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  1. Uruguay's neighbors now considering legalization of pot

    24 December 2013
    Other news

    Argentina has given the first sign that Uruguay’s groundbreaking cannabis reform just may have started a domino effect across Latin America. Following the momentous vote by its smaller neighbor’s senate this month — making it the first nation in the world to completely legalize the cannabis — Argentina’s anti-drug czar Juan Carlos Molina has called for a public discussion in his country about emulating the measure. His comments are the clearest sign yet that Uruguay’s strategy has kicked off a trend in the region.

  2. idpc-latin-america

    The drug policy reform agenda in the Americas (Version 2)

    • Coletta Youngers
    15 August 2013

    At the root of the drug policy debate in Latin America is growing recognition that present policies have failed to achieve the desired objectives, the extremely high costs of implementing those policies paid by Latin American countries, and the need to place higher priority on reducing unacceptably high levels of violence. Of particular concern is the spread of organized crime and the resulting violence, corruption and erosion of democratic institutions.

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    "América Latina quiere que se permita la legalización de la droga"

    18 May 2013
    Other news

    Ese quebradero de cabeza mundial que es qué hacer con el tráfico y consumo de drogas vuelve a la palestra este lunes en América Latina. Y esta vez ninguna opción -incluida la legalización- está descartada. Si acaso aparece más viable. Es una de las opciones mencionadas en un estudio comisionado por los 34 jefes de Estado y de gobierno del continente americano. Entrevista con Lisa Sánchez, miembro del equipo de expertos que participó en la elaboración de los escenarios.

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    En lucha contra las drogas hay líneas rojas que nadie cruzará: EE. UU.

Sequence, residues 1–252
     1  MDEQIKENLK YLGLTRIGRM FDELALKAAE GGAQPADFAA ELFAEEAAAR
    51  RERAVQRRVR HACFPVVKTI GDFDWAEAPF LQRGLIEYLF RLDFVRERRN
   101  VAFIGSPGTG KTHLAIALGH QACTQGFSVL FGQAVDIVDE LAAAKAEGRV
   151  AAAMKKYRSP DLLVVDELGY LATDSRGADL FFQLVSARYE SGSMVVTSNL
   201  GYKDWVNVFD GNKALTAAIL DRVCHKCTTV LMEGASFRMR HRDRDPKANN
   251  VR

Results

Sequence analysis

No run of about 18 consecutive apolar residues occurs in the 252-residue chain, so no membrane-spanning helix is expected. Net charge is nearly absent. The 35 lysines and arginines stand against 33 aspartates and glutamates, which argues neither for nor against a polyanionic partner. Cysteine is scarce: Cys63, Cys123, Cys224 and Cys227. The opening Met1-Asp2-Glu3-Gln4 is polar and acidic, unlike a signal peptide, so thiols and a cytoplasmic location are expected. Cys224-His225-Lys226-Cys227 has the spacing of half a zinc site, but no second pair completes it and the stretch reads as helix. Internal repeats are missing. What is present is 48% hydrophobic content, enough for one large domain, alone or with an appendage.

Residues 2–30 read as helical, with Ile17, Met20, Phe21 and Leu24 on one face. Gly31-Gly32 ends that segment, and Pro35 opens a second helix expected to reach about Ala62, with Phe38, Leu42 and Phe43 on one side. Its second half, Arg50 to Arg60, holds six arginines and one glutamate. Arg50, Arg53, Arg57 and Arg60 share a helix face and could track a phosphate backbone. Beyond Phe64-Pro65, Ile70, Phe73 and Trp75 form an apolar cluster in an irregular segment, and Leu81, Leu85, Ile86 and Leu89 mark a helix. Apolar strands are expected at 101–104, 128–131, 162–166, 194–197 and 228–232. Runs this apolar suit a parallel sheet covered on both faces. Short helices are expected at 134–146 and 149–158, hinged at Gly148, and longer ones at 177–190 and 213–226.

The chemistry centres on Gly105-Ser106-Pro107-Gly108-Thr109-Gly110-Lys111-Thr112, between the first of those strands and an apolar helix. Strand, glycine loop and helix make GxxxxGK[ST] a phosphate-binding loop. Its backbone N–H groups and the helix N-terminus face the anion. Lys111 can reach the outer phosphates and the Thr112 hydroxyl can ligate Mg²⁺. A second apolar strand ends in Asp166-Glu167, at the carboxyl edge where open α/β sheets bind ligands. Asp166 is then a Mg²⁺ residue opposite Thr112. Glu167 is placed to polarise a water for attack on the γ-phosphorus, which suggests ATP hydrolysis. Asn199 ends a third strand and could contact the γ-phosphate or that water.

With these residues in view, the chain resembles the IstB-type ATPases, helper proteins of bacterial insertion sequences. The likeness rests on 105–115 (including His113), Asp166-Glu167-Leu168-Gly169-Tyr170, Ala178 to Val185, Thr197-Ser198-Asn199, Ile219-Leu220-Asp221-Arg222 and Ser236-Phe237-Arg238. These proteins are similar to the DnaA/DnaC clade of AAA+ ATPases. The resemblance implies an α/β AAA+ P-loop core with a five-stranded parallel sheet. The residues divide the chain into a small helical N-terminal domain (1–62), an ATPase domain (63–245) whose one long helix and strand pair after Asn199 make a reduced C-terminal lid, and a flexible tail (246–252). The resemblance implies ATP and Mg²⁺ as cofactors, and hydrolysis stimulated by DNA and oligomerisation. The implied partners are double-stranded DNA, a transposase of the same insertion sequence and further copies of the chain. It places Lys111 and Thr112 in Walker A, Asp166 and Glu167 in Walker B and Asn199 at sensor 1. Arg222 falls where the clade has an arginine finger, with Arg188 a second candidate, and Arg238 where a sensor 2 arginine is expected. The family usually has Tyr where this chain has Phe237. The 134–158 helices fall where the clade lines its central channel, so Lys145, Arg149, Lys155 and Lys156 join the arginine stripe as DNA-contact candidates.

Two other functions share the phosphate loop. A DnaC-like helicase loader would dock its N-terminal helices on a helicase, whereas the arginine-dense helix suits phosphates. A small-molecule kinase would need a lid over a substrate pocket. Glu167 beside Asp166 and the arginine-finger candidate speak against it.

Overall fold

13 May 2013
    Other news

    De acuerdo con el subsecretario de Estado para Asuntos de Narcotráfico Internacional, William Brownfield, ningún gobierno de la región está pensando en serio que la legalización es el camino para derrotar el flagelo de la droga. La posición de Brownfield es clave pues esta semana la OEA entregará en Colombia su reporte de recomendaciones sobre políticas antidrogas que le encomendaron los presidentes de la región en la pasada Cumbre de las Américas.

  5. In Latin America, U.S. focus shifts from drug war to economy

    04 May 2013
    Other news

    Relationships with countries racked by drug violence and organized crime should focus more on economic development and less on the endless battles against drug traffickers and organized crime capos that have left few clear victors. The countries, Mexico in particular, need to set their own course on security, with the United States playing more of a backing role. That approach runs the risk of being seen as kowtowing to governments more concerned about their public image than the underlying problems tarnishing it.

  6. obama-pena-nieto

    Legalize marijuana and other ways U.S.-Mexico can win drug war

    Tim Padgett
    03 May 2013
    Other news

    There was a lot of drug-war hand-wringing in the U.S. leading up to President Obama’s visit to Mexico. That’s because Mexican President Peña Nieto is in change-the-conversation mode: he wants Washington to focus less on his country’s awful drug violence – some 60,000 narco-related murders in the past seven years, with little sign of abating – and more on its robust economic potential. The fear in some Washington circles is that Peña Nieto's Institutional Revolutionary Party (PRI), which in its dictatorial 20th-century heyday was every drug lord’s cuate, or best buddy, is putting the fight against Mexico’s vicious cartels on the back burner.